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If They Aren’t the Right Fit, Let Them Quit

Cliff Chang

Engineering Director–Growth at Asana

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Problem

There are very few concrete results that are good or bad. Somebody quitting is generally a bad result, because your job is to grow the team. I had a report who although smart, wasn't motivated by the work we were doing here at Asana. I began to think it wasn't a good company fit for him based on what he thought was interesting or difficult. I had a hunch that he wanted to quit, but I didn't allow myself to believe it because it was considered a bad sign and I didn't want it to be true. Sooner than later, I was approached with the line, "I am thinking of applying for other jobs."

Actions taken

When the report reached out to me concerning his discontent with the job, my response was very on the spot and not at all how I thought I was going to originally handle it. I expressed my opinion, which was that I believed his desire to search for other jobs, was a suitable choice for him. I furthermore extended my assistance in the way of introductions to other, more fitting jobs in the industry. I am proud of how I handled the situation at the moment by not trying to convince him why Asana was the right choice, with intentions of having him stay with us. After describing the circumstances to my manager and the head of engineering, I was further assured that it was the correct decision to make. It felt good because even though it was negative in the short term, it was going to be positive in the long term for the company.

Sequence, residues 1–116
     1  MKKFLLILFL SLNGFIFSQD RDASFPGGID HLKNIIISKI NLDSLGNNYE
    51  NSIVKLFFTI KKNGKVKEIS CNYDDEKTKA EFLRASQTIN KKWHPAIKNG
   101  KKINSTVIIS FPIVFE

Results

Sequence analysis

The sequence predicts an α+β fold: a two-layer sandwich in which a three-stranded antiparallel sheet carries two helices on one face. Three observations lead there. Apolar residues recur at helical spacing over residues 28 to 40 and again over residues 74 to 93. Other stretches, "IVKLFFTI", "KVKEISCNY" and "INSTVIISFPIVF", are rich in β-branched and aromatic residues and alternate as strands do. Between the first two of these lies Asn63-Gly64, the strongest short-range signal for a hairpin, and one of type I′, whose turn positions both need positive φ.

Lessons learned

  • Despite the negative connotation of having someone quit, do not be afraid to let people do so if you do not think they should work there.
  • There are very few absolute rules in engineering management and 'don't let your people quit' is not one of them.
  • A strong, positive relationship still matters. The report really appreciated the easy, sympathetic, and essentially unconfrontational transition.
  • To catch the early signs of an employee considering quitting, it is important to tackle tricky underlying issues and not be afraid to call people out. One on ones are the bread and butter of a managers job and rather than seeking out if the other person is happy, make it a priority to confront concerning issues.

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Cliff Chang

Engineering Director–Growth at Asana


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